Two Steps Toward Computer Security

So, you've heard enough horror stories about viruses, Trojan-horses, spyware and their cousins that can really make your Internet surfing a dismal experience. Confucius said: "A journey of a thousand miles begins with a single step," but the road to computer network security begins with two steps. Below are the two most important things you can do to keep from getting buried in this online garbage:

1) Keep Your Computer Up To Date

No matter if you use Windows, Mac or Linux, keeping software on your computer up-to-date is extremely important. Many viruses use known security bugs already discovered in software but not yet fixed or patched on individual computers. For example, the well-know "Blaster" virus (W32.Blaster.Worm), which attacked millïons of computers all around the world, exploits something called the "DCOM RPC vulnerability" in some versions of Microsoft Windows. The Blaster virus didn't even rely on your e-mail program to propagate; but rather, it scanned the Internet for vulnerable computers and copied itself to the unpatched machines where it set up shop repeating the process, causing a tremendous disruption in overall Internet usage and untold headaches for owners of infected machines.

This vulnerability was discovered and patched by Microsoft *4 weeks* before Blaster was created, but the virus was still able to wreak havoc because so many people failed, for whatever reason, to apply the necessary updates before its release. Not only did those people become victims, but the virus running wild on their commandeered computers went on to victimize countless others.

So, you know the importance of keeping your software up to date, the next question is how to do that. The answer is simple. In recent versions of Microsoft Windows there is an "Automatic Update" program which will handle the task for you. If you run Windows XP with Service Pack 2 on a computer with a connection that is "always on," you can set it to update your Windows automatically without even notifying you. You can set Automatic Update to do its work from the Control Panel.

Automatic Update takes care of security bugs like the one described above, which are the most important; but there are other updates for your Windows installatïon which you can apply by selecting the "Windows Update" option from the Start menu. This will launch Internet Explorer and take you directly to a Microsoft website from which you can install security updates and also optional recommended updates such as new versions of drivers for hardware devices such as your graphics card, for installed software like Windows Media Player and DirectX and to Office if you have that installed.

2) Trust No One

No, I am not advising you to be a paranoiac like Fox Mulder (X-files anyone?); but being a little paranoid while you're doing certain things via the Internet is a good habit to develop. Most viruses spread through e-mail. You might have heard about the so-called "Love Letter" worm, which was carried by a nice e-mail message with a Subject header like "I love you." There are many malicious e-mail attacks like this one. Some of them pretend to be your ISP sending you new "account information" or Microsoft sending you updates attached (something Microsoft never, ever does). Some of them pretend to be your friend sending you a "new screen saver" or something like that.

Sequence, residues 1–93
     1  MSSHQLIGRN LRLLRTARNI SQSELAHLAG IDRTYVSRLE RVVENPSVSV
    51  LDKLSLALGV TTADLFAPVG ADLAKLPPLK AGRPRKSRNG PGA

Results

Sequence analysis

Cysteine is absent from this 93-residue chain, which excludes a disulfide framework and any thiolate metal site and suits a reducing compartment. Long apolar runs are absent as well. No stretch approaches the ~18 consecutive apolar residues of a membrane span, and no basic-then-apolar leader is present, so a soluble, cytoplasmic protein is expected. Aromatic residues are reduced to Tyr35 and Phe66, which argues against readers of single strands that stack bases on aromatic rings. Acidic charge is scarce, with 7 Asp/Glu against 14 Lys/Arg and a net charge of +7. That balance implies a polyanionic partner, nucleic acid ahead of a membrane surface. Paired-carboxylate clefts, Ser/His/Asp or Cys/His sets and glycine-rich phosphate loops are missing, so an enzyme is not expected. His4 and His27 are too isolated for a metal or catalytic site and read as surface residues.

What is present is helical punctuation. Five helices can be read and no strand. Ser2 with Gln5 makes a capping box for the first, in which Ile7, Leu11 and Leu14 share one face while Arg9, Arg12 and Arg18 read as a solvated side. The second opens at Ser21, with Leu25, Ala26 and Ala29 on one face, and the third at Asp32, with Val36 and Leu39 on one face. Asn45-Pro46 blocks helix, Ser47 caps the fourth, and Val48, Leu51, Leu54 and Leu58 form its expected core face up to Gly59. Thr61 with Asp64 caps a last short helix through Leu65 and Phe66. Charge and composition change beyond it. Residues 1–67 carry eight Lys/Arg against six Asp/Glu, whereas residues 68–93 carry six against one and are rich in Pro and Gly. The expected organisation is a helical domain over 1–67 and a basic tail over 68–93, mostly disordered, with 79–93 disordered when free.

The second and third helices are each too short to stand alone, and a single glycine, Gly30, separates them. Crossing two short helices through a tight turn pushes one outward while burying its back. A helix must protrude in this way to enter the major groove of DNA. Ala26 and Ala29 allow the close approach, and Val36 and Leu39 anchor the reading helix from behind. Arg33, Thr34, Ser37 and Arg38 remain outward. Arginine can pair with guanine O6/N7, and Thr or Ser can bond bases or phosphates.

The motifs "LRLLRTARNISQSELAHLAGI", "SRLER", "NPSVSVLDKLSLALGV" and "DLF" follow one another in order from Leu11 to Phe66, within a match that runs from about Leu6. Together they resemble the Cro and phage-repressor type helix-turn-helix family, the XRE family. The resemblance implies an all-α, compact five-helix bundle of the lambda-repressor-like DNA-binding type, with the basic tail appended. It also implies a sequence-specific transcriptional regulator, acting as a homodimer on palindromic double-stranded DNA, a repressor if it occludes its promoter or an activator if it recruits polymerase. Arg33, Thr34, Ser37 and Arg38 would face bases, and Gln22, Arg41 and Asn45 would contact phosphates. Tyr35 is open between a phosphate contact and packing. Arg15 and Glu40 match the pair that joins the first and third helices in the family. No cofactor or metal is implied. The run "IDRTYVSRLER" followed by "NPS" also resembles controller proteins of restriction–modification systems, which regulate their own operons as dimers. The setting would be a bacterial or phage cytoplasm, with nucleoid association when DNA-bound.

All of these are a type of what is called "social engineering," a technique that relies on the reality that the human user is almost always the weakest link in the chain of computer security. The famous hacker Kevin Mitnick wrote a fantastic book about the subject, "The Art of Deception: Controlling the Human Element of Security." This is my own "better safe than sorry" strategy. Do Not, under any circumstances, open any kind of attachment sent to your e-mail, even from a friend unless you expect something specific, and arrange that in advance.

Some viruses send fake header information, so even if e-mail "says" it is from someone you know and trust, that's not necessarily the case, so be very careful. I also highly recommend that you do business with a service provider such as, the one for whom I work, that offers server-side anti-virus protection on their e-mail servers, so that messages carrying virii will be detected and deleted even before they get to your computer. Another good measure is to use an e-mail provider that uses IMAP instead of POP3 for its e-mail servers. These enable you to view and delete messages on the server without ever downloading them to your local machine unless you want to.

If you are stuck with an ISP that doesn't have e-mail virus protection and/or use an IMAP-based mail server, there are third-party providers who provide these services at a low cost, or you can try using software like MagicMail which enables you to review message headers directly on your ISP's POP3 mail server and remove suspicious ones before you download them.

These simple steps will drastically improve your computer network's "immune system" against Internet nasties. You should also install at least one of the excellent free spyware removal tools and a good anti-virus system and keep them up to date similarly to the way you keep your OS updated. Internet virii and spyware depend upon the poor practices of computer users for their lives, and the easiest way to begin taking back the 'Net from the malicious is to make sure you have the latest fixes installed and remain vigilant against possible attempts to manipulate you into defeating computer security through human intervention.